"Our farmland areas are extremely productive deer factories, the resources are there, the temperature, the climate, the snow depth, all those things are lower than we see in Northern Wisconsin," said Wallenfang.
People in the Northwoods saw considerably less action. Hunters in Taylor County had the highest total, harvesting nearly 1,200 deer while those in Langlade County harvested more than 900 deer. Hunters in Oneida, Price and Lincoln counties brought in about 800 deer per county.
According to a DNR media release
, hunter reports of deer activity varied around the state and within regions. Some reported excellent deer activity while others reported very little, including in areas where deer abundance is known to be high.
Wallenfang said he believed the 2019 season starting a week later than last year contributed to low harvest totals.
"In 2018, we held the earliest possible deer season followed by the latest possible season in 2019. This occurred between the 2012-13 and 2007-08 seasons as well, and we saw similar declines in opening weekend registration totals," said Wallenfang.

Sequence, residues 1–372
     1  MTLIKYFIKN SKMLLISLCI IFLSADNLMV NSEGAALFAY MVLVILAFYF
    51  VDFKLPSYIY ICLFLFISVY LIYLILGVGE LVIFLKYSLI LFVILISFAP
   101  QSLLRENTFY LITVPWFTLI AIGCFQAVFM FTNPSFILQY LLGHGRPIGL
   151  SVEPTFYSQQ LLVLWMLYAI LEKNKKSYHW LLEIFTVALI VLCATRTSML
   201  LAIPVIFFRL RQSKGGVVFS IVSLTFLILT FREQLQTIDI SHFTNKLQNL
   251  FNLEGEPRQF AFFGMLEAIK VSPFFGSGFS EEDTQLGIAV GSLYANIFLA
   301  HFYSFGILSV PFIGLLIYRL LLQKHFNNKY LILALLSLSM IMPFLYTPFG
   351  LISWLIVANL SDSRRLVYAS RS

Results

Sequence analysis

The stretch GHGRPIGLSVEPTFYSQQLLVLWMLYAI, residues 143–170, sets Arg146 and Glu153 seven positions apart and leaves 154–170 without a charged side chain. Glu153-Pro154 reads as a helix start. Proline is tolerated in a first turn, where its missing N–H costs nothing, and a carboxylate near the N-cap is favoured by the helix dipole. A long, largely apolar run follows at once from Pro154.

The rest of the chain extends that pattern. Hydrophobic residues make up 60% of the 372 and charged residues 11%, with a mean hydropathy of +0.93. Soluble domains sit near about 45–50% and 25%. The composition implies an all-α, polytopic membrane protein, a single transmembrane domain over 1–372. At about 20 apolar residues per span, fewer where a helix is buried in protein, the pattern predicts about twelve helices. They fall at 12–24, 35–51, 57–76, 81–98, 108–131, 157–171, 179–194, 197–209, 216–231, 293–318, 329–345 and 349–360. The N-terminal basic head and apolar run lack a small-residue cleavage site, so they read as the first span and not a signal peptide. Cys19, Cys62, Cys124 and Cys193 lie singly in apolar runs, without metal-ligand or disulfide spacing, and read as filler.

DNR wildlife specialist Marc Kenyon said that the lower harvest count is not a cause for concern.
"Next year we can reevaluate, we also have the winter coming up and we'll see how many animals make it through the winter," said Kenyon.
Kenyon said severe weather expected Saturday will also affect hunters and their ability to harvest.
"Some hunters may find it more difficult to reach some of their prime hunting locations, yet snow falls will make it easier for hunters to track deer," said Kenton.
The DNR still recommends testing deer you harvest for chronic wasting disease or CWD.
See a map of 24/7 self-service kiosks for CWD testing here
The 2019 gun deer season ends Sunday followed by a 10-day muzzle loader season.
After that, Wisconsin will hold antlerless deer hunts in December and January.